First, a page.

The brothers couldn’t keep up, James Worrest said.

“He (Allan) doesn’t want to take care of it, and I never took care of it. And that takes care of that.”

History of complaints

The first warning came in 1983, as a legal notice in the newspaper: The property’s bushes posed a sight obstruction for vehicles. Clean it up or the city will.

Another published in 1985, and eight more complaints were made to the city since 1996, most of them from neighbors complaining about the overgrown appearance of the property, but most of them unenforceable under city code.

“Unfortunately, a lot of times people file complaints because they look at it as a beautification code, and it’s not,” said Sean Stewart, the city’s chief housing inspector. “It’s a property maintenance code. Overgrowth is not necessarily detrimental to a building or a lot.”

And cases such as this are subjective, he said: How do you distinguish a weed tree from one purposely planted?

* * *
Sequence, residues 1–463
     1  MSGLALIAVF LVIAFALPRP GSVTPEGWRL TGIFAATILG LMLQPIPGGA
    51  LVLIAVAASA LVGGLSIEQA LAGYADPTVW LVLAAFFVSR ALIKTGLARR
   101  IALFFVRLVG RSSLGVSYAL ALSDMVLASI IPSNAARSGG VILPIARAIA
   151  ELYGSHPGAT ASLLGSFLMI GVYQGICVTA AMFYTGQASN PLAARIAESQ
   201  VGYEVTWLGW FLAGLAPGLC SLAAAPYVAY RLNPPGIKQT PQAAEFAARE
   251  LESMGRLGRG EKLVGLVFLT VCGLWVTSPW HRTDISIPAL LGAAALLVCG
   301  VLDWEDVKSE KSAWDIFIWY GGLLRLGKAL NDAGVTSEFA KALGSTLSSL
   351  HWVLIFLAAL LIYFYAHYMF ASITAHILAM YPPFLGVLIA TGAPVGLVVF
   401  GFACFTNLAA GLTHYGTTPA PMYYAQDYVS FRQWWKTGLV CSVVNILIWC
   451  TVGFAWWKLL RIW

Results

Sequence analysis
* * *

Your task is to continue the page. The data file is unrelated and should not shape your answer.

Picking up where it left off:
“Oftentimes, people will call for vegetation, but we don’t really have a code for vegetation.”

The county weed control authority does, and it’s familiar with the block, dispatched to complaints against the brothers’ Holdrege and Aylesworth addresses as recently as August.

But neither visit required the authority to take enforcement action — meaning either the brothers resolved the problem, or the inspector found no violations, it said.

Still, the complaints kept piling up:

“This property is an eyesore to the neighborhood and dangerous to the environment.”

And: “I have complained about this house for two years. Why do we have to put up with it for so long?”

Diane Mayes has no complaints. Since 2003, she’s shared the block with the brothers — her house on its southwest corner is the only parcel they don’t own, free of front-yard trees and clearly visible from the street.

“I don’t know much about them; they keep to themselves,” she said. “They occasionally have a tree trimmer come out and take a tree down, but not too many.”

One of “the boys” used to blow the snow from her sidewalk, and she appreciated that.

Early on, she would get animals in her yard, she said. Raccoons, rabbits, even a deer once.

“But they don’t bother me now that I got a big fence up.”